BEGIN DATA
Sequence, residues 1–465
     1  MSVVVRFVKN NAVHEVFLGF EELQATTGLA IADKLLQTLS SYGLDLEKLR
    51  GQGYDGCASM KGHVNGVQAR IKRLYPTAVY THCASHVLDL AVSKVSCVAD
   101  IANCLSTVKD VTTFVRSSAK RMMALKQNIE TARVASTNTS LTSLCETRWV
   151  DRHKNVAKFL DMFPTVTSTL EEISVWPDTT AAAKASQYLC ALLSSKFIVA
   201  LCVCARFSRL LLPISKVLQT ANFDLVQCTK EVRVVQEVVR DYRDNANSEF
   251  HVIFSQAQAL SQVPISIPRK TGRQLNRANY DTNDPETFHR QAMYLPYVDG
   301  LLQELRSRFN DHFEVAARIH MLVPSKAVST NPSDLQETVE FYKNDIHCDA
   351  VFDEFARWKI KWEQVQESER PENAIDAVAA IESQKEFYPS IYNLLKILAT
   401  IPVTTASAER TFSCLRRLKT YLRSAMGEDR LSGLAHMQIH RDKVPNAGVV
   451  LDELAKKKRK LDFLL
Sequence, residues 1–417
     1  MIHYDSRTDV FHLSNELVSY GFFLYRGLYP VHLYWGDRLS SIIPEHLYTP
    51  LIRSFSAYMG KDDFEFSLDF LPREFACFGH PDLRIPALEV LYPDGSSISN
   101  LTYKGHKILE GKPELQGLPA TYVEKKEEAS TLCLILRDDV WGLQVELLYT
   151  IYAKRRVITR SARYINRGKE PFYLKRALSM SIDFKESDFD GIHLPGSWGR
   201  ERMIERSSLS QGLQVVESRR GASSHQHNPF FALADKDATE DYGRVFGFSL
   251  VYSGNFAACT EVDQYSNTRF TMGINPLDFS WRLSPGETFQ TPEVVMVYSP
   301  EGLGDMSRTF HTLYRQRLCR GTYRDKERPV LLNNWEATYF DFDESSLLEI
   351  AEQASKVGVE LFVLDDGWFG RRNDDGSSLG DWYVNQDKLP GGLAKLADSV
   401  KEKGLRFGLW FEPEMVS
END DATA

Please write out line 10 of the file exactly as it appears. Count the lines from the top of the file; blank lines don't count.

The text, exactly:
   401  IPVTTASAER TFSCLRRLKT YLRSAMGEDR LSGLAHMQIH RDKVPNAGVV